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Battling Negative Thinking in Bipolar Disorder

Alphabet Block minusThe cyclical nature of bipolar disorder often leaves me wondering, “Which comes first, the depression or the negative thoughts?”

Negative thinking can have a devastating impact on one’s life. For me, it’s a personal hell. My co-workers and friends rarely notice anything is wrong; I keep it to myself, but with because I keep it to myself, it is hard to cope.

The  more I rehash negative thoughts and feelings about myself in my head, the more likely I am to feel sad and anxious.

Learning How to Combat Negative Thoughts

After years of physical and mental symptoms due to my negative thoughts, I started seeing a therapist.

Eventually, I found the essential Cognitive Behavioral Therapy, and with that, I began to write down my negative thoughts, examine them, and work to change them.

I have been working on my negative thoughts for a long time, but sometimes, the only way to get my negative thoughts to dissipate is to distract myself. Here are some ways to distract:

  • Imagine your favorite place or setting (e.g., a beach scene or a warm coffee shop)
  • Order something in your mind (e.g., count things on the wall or list all of the concerts you’ve been to, in order)
  • Disengage your thoughts and engage with someone else (e.g., call your sister or start a conversation with a co-worker)
  • Write your negative thoughts down. Cross them out, and throw them away.
  • Try your best to think of the positive parts of your given situation. Begin training your brain to see the upside.
  • Watch a television show or funny movie.
  • Engage in vigorous exercise.

It’s one thing to distract, but what if the negative thoughts keep coming? I have been dealing with anxiety and depression due to negative thoughts and self esteem issues for nearly 15 years. I have improved greatly, sure, but it still feels as if I’m in a cage, prisoner to my fear and lack of confidence.

Eventually, I am drained. My brain feels like a hamster on a wheel. Just thinking exhausts me. I’m overworking my mind, causing deficits in other areas.

Even worse, once a negative thought pattern develops, the longer it lasts, the harder it becomes to break. Like I said, after years of therapy, I am still quite a negative thinker.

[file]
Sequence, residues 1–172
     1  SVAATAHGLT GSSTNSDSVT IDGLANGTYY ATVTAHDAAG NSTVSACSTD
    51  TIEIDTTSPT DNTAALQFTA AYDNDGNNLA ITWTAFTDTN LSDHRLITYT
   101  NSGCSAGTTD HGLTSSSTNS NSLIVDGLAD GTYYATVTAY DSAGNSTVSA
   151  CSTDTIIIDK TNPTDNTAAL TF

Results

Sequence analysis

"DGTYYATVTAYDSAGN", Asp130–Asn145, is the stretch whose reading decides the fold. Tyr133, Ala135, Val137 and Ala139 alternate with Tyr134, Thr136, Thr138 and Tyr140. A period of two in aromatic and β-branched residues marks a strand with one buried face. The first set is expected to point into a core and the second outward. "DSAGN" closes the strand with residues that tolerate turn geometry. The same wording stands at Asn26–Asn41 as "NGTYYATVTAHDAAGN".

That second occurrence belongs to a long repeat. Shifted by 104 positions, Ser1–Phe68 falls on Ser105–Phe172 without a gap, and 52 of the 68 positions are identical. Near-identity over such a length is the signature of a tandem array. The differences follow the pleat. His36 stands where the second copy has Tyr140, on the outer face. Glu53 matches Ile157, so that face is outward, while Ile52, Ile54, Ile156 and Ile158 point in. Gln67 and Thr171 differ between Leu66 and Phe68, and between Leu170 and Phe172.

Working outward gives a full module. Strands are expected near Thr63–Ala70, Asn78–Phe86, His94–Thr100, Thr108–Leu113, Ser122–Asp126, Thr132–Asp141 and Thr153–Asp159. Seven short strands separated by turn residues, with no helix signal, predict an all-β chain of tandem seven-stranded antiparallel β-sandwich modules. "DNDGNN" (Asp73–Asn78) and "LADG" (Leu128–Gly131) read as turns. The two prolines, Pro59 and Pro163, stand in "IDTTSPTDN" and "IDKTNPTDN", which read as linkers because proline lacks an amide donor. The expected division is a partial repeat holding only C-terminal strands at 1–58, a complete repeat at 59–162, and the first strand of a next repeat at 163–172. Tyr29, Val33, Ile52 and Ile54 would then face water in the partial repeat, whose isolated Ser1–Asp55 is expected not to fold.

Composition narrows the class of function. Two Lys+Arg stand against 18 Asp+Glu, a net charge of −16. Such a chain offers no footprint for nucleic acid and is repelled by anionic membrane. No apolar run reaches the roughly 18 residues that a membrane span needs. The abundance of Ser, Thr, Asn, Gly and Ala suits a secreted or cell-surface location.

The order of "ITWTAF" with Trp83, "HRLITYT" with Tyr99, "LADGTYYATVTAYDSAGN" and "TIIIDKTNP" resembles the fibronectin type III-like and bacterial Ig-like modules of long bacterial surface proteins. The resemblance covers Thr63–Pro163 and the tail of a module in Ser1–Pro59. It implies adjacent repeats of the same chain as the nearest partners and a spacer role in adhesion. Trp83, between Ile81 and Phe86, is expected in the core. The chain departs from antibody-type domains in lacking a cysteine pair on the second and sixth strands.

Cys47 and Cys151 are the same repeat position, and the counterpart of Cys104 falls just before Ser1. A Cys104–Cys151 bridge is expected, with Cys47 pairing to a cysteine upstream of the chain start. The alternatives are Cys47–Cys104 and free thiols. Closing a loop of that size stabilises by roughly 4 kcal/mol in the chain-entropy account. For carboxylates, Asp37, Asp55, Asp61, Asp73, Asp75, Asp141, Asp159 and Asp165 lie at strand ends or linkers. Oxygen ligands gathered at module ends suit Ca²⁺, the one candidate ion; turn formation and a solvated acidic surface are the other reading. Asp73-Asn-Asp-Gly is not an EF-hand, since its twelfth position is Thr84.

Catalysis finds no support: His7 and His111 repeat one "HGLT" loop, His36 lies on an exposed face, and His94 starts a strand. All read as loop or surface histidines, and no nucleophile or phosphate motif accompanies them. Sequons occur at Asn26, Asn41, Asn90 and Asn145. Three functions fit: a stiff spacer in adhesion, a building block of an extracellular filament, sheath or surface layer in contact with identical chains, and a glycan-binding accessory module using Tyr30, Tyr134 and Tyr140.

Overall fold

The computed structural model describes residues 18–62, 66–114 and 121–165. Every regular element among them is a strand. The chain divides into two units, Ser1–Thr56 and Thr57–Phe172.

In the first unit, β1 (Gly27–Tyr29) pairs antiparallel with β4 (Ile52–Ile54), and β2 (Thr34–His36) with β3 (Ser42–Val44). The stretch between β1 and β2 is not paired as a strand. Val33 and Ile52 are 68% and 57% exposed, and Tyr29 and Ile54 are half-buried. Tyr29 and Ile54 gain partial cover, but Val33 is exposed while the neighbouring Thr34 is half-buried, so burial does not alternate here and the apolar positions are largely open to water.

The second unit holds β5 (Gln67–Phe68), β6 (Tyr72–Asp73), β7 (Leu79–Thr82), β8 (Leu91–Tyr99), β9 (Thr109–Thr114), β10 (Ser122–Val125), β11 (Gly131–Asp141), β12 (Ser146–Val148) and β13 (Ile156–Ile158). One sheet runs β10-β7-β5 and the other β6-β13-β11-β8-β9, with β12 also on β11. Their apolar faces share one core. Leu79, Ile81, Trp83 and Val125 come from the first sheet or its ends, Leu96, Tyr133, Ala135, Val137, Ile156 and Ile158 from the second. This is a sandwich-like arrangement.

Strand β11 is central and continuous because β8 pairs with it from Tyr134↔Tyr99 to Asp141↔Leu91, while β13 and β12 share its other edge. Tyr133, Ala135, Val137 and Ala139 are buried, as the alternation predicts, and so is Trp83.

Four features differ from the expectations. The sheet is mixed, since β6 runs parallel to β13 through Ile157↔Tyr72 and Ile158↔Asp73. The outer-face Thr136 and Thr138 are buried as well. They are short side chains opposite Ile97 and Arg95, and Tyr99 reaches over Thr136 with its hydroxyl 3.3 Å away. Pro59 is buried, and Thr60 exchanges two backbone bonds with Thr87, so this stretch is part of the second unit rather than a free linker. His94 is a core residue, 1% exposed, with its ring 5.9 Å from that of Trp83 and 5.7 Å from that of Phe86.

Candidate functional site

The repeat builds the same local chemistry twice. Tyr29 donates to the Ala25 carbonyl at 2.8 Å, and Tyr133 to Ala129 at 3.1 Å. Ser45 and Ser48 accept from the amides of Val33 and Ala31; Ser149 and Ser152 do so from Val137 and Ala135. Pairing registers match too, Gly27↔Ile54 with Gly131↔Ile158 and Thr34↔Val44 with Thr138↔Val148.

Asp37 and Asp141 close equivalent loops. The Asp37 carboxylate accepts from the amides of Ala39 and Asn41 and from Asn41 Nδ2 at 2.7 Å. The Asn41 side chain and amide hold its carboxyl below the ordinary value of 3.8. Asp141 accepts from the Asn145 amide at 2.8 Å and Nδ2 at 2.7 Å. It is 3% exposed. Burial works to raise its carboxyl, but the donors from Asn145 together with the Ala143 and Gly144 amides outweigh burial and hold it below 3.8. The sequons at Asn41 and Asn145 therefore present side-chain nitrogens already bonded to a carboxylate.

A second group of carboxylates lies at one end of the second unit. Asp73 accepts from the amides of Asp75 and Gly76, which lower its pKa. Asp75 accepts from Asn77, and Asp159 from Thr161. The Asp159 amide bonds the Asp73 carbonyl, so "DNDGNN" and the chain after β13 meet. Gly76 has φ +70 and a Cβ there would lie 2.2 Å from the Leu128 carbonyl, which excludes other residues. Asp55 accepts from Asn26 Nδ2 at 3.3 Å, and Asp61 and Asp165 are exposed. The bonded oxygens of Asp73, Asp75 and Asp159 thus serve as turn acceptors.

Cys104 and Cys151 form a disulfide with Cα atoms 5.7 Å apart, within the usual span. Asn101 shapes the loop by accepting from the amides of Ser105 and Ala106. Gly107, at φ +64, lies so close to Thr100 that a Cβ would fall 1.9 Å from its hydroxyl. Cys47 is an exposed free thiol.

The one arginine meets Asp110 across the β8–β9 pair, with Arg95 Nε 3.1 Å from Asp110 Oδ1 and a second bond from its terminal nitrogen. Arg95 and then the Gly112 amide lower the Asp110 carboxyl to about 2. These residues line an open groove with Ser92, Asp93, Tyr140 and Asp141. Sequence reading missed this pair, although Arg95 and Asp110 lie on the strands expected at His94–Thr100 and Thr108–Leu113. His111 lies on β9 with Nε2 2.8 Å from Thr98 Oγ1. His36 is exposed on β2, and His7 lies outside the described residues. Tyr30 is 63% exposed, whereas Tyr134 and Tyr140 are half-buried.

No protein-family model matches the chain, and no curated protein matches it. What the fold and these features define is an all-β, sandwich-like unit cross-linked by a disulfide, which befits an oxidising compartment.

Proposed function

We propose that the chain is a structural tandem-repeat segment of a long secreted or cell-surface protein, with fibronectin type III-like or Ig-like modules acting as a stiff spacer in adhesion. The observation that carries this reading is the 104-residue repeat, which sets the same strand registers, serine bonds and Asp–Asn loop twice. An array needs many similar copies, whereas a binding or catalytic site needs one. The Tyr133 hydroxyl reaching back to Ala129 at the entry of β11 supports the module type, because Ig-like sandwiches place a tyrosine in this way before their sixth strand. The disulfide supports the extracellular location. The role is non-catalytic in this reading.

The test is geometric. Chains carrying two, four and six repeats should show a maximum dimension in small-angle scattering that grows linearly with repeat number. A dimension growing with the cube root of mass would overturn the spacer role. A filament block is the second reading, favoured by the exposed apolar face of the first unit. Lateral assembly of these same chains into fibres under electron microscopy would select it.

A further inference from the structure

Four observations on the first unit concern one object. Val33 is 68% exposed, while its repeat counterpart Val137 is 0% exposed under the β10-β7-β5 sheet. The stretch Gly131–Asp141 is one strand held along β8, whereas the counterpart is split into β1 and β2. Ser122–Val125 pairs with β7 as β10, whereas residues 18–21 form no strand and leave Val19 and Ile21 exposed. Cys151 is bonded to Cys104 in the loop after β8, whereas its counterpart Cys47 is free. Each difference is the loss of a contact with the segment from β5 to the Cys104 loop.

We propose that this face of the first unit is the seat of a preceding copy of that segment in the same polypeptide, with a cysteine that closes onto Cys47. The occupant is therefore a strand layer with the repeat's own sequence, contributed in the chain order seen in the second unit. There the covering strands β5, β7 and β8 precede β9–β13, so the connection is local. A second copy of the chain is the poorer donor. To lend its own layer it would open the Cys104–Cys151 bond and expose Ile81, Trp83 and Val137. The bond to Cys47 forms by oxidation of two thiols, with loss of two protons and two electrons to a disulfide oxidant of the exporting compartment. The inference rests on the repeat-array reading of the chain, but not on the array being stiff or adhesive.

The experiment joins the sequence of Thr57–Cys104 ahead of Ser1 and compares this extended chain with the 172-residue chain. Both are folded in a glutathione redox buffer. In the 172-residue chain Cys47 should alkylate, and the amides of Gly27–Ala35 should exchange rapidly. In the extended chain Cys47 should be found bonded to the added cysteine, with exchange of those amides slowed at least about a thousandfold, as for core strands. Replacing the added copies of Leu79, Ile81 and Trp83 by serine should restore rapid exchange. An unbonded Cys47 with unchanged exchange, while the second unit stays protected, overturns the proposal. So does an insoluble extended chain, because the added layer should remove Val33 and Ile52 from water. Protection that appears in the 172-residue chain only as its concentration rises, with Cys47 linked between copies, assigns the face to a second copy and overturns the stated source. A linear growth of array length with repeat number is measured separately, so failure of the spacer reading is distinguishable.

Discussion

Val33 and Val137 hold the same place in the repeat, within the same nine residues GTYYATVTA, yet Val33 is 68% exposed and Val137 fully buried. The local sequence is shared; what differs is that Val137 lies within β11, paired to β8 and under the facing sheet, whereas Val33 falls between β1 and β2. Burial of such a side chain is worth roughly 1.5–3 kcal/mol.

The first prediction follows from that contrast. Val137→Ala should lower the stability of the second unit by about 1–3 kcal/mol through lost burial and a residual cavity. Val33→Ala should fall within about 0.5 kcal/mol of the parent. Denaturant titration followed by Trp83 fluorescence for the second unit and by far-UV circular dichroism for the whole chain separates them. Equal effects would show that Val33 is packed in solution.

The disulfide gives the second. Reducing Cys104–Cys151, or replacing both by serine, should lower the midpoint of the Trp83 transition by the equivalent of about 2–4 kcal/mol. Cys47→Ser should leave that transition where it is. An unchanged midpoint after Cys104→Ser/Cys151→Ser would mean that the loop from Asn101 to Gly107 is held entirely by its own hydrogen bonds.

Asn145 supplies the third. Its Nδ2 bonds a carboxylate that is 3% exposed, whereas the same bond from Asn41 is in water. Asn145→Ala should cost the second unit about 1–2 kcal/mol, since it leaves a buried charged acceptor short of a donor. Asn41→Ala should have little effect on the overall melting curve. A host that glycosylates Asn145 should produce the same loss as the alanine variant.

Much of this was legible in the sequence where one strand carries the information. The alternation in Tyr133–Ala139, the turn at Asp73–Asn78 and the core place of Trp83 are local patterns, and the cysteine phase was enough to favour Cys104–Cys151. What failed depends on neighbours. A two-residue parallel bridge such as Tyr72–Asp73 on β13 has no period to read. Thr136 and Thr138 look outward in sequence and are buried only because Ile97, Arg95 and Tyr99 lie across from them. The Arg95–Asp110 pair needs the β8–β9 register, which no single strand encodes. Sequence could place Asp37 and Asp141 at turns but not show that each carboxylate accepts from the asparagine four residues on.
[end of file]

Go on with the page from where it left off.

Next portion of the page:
I notice that it keeps me more limited than I’d like.

I’m trying to turn things around, because negativity stifles my potential. It stifles all of us. It keeps us from being the people we are intended to be. I am holding myself back.

Some of my positive thoughts goals:

  • Participate regularly in mediation and yoga. -Mindfulness is a great way to manage negative thoughts. The mind is supposed to live in the present moment. Combined with the physical practice of yoga, negative thoughts are better tamed.
  • Be grateful. -This is a practice that works. I have been writing down what I’m grateful for for years. It has allowed me to recall things I am grateful for reach day. Gratitude allows us to reflect on what we have, instead of what we don’t. This can help lift mood and combat negative thoughts.
  • Forgive myself. -I need to stop dwelling on past mistakes and  issues. I define who I am in the present, and I need to learn to accept who I am.

 

Do you live with regular negative thoughts? How do you cope, and what have you learned? 

 

Sources:

Stop Dwelling on Negative Thoughts –Happify 

10 Tips to Overcome Negative Thoughts 

 

Photo Credit:

LEOL30 via Compfight

 

Battling Negative Thinking in Bipolar Disorder


Kat Dawkins


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APA Reference
Dawkins, K. (2013). Battling Negative Thinking in Bipolar Disorder. Psych Central. Retrieved on October 23, 2019, from https://blogs.psychcentral.com/bipolar-life/2013/12/negative-thoughts/

 

Last updated: 11 Dec 2013
Statement of review: Psych Central does not review the content that appears in our blog network (blogs.psychcentral.com) prior to publication. All opinions expressed herein are exclusively those of the author alone, and do not reflect the views of the editorial staff or management of Psych Central. Published on PsychCentral.com. All rights reserved.